On September 9, 2016, the 45th anniversary of the Attica prison uprising, prisoners from at least twenty-one states began striking against what they called “modern-day slavery.” The strike stands as one of the largest in U.S. history (figures are difficult to verify and the California prison hunger strike in 2013 involved at least 30,000 people) and several prisoners have lost their lives in this struggle. Prison strikers’ language is not hyperbolic. As Ava DuVernay’s new documentary on the 13th Amendment highlights, the very amendment that abolished slavery and guaranteed the legal emancipation of nearly four million enslaved people also carved out space for the continuation of slavery “as a punishment for crime whereof the party shall have been duly convicted.”
The current prison strike’s struggle to achieve visibility (organizers have alleged a “mainstream-media blackout”) has been a central obstacle since the origins of prison organizing. In light of the dangerous implications of neoliberal prison reform and the marginalization of the current prison strike from the public political sphere, the Prison Abolition Syllabus (modeled after #FergusonSyllabus, #Charlestonsyllabus, #WelfareReformSyllabus and Trump Syllabus 2.0) seeks to contextualize and highlight prison organizing and prison abolitionist efforts from the 13th Amendment’s rearticulation of slavery to current resistance to mass incarceration, solitary confinement, and prison labor exploitation.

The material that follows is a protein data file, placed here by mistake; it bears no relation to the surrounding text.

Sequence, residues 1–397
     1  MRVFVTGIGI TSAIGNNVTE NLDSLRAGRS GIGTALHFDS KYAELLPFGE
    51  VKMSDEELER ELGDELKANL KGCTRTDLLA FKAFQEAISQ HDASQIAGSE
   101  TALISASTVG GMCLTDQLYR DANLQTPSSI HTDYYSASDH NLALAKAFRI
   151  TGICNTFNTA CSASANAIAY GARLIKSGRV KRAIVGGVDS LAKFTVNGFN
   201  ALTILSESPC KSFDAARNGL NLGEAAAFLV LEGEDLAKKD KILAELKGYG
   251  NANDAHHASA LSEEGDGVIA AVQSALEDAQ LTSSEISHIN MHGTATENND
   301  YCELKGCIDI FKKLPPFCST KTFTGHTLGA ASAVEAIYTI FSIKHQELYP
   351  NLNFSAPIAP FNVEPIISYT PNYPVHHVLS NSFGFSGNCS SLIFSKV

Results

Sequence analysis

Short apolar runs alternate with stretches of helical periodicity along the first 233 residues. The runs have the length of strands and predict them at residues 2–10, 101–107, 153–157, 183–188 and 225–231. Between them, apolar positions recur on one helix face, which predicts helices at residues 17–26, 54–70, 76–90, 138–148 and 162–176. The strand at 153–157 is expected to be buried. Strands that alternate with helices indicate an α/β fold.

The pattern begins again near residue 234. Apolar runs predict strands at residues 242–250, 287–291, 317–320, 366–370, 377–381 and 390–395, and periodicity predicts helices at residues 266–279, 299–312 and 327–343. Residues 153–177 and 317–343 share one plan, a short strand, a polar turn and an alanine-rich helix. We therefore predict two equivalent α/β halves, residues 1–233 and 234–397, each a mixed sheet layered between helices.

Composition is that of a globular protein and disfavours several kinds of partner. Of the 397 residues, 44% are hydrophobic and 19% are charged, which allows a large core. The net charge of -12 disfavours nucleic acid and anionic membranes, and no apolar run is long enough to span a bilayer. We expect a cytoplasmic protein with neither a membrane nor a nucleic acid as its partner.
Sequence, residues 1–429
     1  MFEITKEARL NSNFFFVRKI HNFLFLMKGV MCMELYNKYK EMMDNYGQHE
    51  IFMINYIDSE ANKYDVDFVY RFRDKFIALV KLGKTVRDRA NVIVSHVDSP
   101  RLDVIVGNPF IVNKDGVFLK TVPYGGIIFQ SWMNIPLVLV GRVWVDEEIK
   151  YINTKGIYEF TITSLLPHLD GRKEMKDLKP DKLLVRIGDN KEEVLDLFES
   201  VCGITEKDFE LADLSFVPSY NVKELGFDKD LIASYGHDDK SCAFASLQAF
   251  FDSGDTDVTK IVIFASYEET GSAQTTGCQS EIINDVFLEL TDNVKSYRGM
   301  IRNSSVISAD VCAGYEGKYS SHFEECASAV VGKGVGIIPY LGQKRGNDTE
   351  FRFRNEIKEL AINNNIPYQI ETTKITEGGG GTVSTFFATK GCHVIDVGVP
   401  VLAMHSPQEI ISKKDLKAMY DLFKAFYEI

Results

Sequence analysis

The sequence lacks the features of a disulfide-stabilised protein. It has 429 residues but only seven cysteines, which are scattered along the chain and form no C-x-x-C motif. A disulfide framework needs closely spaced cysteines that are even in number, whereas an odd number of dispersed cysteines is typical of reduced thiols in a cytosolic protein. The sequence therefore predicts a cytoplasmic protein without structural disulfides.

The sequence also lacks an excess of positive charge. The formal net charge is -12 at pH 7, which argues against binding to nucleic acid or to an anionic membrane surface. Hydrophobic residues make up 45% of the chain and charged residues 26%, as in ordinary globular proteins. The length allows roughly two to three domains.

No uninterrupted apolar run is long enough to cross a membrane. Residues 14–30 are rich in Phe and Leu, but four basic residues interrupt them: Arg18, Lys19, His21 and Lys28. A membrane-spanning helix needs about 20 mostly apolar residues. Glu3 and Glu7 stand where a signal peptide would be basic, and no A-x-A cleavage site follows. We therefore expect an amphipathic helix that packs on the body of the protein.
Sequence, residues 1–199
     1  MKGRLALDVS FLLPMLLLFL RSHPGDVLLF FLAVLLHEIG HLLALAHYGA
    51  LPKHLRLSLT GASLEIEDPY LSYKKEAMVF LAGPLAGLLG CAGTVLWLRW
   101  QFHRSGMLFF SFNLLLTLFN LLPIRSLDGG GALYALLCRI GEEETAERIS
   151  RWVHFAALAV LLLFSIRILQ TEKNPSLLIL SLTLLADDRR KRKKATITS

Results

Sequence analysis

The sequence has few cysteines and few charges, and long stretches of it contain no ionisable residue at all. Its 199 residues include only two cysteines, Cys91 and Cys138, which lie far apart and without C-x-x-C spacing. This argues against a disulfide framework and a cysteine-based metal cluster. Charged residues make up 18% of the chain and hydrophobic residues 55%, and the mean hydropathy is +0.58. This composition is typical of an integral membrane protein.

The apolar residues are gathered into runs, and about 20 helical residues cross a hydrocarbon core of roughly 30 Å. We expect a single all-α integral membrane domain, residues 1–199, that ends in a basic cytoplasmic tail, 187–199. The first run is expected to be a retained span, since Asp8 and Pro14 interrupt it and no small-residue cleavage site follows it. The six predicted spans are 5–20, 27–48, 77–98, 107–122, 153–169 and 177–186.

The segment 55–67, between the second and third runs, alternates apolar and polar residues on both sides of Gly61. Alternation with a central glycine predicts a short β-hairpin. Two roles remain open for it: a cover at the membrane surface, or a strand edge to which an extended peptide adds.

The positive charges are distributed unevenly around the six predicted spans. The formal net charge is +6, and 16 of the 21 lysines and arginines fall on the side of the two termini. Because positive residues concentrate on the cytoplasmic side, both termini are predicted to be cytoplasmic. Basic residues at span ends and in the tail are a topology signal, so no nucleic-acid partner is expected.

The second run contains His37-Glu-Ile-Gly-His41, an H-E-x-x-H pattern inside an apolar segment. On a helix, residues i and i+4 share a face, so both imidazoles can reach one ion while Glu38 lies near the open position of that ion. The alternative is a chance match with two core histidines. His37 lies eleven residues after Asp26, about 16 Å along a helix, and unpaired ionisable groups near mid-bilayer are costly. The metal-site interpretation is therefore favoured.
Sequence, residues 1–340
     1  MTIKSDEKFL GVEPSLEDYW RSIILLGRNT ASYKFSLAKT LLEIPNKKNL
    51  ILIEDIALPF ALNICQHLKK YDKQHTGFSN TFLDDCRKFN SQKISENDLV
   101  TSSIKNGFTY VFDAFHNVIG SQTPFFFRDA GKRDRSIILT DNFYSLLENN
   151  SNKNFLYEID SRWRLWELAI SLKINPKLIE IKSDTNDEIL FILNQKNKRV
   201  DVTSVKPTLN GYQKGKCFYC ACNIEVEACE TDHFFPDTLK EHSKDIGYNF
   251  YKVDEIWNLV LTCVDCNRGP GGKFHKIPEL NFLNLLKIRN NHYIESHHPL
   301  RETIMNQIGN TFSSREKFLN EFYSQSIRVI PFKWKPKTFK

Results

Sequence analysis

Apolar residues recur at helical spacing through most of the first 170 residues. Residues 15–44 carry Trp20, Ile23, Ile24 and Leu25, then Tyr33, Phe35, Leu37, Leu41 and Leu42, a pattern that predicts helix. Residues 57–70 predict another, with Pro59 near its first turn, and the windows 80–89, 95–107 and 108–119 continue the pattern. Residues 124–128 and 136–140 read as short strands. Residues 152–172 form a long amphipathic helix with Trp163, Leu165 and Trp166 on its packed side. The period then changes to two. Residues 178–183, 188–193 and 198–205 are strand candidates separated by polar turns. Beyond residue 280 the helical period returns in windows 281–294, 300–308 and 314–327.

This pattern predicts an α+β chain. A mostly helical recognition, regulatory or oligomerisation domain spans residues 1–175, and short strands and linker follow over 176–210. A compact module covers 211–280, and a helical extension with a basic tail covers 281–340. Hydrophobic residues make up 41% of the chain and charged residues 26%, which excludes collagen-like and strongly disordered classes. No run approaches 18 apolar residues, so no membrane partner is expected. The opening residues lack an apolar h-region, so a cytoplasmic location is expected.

Find the full syllabus here.